The smaller males and those mixed in with the females have not grown their fatty bulge yet so it is really frustrating. I have no more room for separation, so in that tank, I am back to floating ice bottles! I also have started using a long wooden spoon to go in and stir up the rocks when it looks like a pair have started a nesting place so they have to start over! With all I have learned over the years I thought I could offer a couple of tips for others.

    TIPS
    POPULATION CONTROL: Because optimal water temperature is an important part of the breeding process, lowering the temperature of the water aides in reducing the breeding instinct, and also seems to calm the number of conflicts that happen.

    CONVICT HOUSING: Convicts like to have their own space, instead of purchasing expensive decorations I have found a way to provide large numbers of “apartments” at little to no cost and my fish love them!
    STEP #1. Take empty medication bottles of various sizes cut the bottom out making it an open-ended tube. the resulting tubes are perfect lengths to allow the individual fish to enter and feel completely concealed yet is not an acceptable location to breed or nest (see step 6 before starting this step)
    step #2. To conceal the fact that they are pill bottles I cover them with that rubbery skid-proof shelf liner using hot glue to connect the seam, I like to use different colors to brighten the look!
    STEP #3. Arrange them in various ways depending on the space available when satisfied with the design go to the next step.
    STEP #4. Where ever bottles touch another, make 2 small holes no more than 1/4 in apart through both bottles (I do this using either a soldering gun or a small screwdriver with a heated tip to melt through the bottle, other methods work but have the potential of cracking the bottle) this is a good time to conceal the glue seams by putting the seams together when connecting the bottles. this also protects the seam from coming loose.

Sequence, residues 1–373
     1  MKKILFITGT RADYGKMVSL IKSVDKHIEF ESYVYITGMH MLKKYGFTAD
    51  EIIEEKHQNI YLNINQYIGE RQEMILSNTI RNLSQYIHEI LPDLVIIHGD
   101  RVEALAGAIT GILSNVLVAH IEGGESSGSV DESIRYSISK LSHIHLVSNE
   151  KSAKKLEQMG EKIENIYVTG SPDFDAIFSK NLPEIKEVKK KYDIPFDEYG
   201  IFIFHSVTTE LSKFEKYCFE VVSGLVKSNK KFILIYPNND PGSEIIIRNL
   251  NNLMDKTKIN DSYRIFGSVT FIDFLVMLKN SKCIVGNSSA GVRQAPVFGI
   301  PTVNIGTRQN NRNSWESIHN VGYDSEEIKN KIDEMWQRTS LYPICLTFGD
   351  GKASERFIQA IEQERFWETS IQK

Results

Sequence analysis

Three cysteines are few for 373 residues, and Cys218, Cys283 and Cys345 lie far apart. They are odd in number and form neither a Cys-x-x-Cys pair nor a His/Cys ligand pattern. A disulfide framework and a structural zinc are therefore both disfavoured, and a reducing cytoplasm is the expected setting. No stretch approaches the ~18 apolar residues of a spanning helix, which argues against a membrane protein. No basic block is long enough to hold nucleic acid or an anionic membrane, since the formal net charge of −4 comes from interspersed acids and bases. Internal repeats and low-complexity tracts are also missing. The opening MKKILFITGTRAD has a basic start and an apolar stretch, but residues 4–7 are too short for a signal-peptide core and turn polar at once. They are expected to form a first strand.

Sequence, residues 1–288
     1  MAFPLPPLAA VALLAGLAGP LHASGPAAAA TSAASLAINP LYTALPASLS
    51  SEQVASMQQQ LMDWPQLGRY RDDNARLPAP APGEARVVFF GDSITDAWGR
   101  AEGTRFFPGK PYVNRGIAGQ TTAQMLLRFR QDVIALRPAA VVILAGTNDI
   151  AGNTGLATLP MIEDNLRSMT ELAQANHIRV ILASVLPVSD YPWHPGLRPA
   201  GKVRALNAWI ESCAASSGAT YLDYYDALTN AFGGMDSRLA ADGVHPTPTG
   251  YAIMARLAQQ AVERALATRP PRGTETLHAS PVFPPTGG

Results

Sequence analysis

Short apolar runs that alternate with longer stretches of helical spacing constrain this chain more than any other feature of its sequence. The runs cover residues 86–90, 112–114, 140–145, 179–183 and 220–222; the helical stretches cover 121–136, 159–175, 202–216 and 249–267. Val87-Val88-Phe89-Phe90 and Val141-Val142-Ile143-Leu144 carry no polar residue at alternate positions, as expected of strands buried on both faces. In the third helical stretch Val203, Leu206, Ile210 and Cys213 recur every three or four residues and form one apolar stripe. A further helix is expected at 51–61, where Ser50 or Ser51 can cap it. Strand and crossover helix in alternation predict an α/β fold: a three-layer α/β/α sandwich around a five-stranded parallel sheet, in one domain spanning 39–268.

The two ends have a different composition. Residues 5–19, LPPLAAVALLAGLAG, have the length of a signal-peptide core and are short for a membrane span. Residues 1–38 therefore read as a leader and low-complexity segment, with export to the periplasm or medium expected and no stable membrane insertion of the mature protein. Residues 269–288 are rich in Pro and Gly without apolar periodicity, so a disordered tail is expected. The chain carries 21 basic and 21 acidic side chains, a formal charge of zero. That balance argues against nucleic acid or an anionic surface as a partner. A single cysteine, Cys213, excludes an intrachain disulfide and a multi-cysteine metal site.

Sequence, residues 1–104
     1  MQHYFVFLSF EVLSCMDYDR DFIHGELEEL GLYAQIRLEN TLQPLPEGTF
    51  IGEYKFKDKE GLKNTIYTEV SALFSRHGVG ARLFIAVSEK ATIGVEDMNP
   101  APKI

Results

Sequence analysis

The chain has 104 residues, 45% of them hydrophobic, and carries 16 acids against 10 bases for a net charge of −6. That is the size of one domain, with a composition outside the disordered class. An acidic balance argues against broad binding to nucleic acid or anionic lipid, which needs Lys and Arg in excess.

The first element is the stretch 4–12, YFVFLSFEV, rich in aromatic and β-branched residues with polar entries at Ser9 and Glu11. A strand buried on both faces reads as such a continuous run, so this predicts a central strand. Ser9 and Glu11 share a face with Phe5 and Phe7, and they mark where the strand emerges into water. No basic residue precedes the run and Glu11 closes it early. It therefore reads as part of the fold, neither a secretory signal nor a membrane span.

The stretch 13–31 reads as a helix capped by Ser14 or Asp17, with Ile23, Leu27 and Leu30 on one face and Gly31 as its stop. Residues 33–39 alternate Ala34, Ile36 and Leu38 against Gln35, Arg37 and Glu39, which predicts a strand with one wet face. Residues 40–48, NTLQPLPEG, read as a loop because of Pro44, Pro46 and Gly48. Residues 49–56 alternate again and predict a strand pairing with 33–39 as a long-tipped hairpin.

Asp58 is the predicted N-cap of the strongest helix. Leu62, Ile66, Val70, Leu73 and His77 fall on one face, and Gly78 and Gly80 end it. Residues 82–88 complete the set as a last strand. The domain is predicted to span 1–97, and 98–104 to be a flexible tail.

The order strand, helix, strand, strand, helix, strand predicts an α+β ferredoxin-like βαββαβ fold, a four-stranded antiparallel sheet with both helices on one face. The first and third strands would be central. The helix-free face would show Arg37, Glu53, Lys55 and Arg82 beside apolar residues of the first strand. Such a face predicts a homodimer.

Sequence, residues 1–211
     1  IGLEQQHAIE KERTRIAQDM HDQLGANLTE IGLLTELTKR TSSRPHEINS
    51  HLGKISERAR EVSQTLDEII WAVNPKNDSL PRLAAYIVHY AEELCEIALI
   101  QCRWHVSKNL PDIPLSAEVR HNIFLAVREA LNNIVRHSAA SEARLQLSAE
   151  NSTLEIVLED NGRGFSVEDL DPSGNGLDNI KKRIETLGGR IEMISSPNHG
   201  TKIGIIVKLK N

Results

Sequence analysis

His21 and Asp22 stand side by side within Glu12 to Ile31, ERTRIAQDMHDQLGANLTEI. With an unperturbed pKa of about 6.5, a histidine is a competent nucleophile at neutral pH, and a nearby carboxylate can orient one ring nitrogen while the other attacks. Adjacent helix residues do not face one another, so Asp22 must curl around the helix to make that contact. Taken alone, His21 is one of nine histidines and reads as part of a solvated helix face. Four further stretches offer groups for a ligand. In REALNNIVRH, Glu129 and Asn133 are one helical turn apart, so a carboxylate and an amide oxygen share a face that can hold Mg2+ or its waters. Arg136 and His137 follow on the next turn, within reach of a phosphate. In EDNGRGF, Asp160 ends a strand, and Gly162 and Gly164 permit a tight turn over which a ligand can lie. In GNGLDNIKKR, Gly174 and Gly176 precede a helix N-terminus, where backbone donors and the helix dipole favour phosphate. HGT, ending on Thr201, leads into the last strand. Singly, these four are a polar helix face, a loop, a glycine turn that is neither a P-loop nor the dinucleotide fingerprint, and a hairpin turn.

STEP #5. Using small zip ties threaded through both bottles to connect them together tighten the tie tightly and trim off the excess.
    (I like to add a blob of hot glue to the cut end for added injury protection and assurance that the tie doesn’t come undone!)
    STEP #6. The final step is adding weight, plastic bottles have to be weighted or they will float! I like to use one or two of the bottles in my creation as anchor weights by filling them with rocks and or sand topped with water and hot glue the lid on the bottle. you can also simply stuff a couple of larger rocks into open-ended tubes as weight.
    I have arranged bottles in stacks with weighted bottles at the top and the bottom or shaped them like an arched bridge with weights at both ends. they can be shaped in a circle, square, triangle, or shaped like letters, etc. Design ideas are limited only by the space available!
    BONUS STEP #6 ALTERNATIVE. Using larger bottles alone or connected to a few more cut with large openings in odd shapes and instead of adding weight allowed them to just float in the tank. my fish love these too!

    Reply
    • Hi Caroline,

      I’m glad to hear the post helped you.

      Thanks so much for all your helpful tips and experience! I’m sure other readers will really appreciate them.

      Reply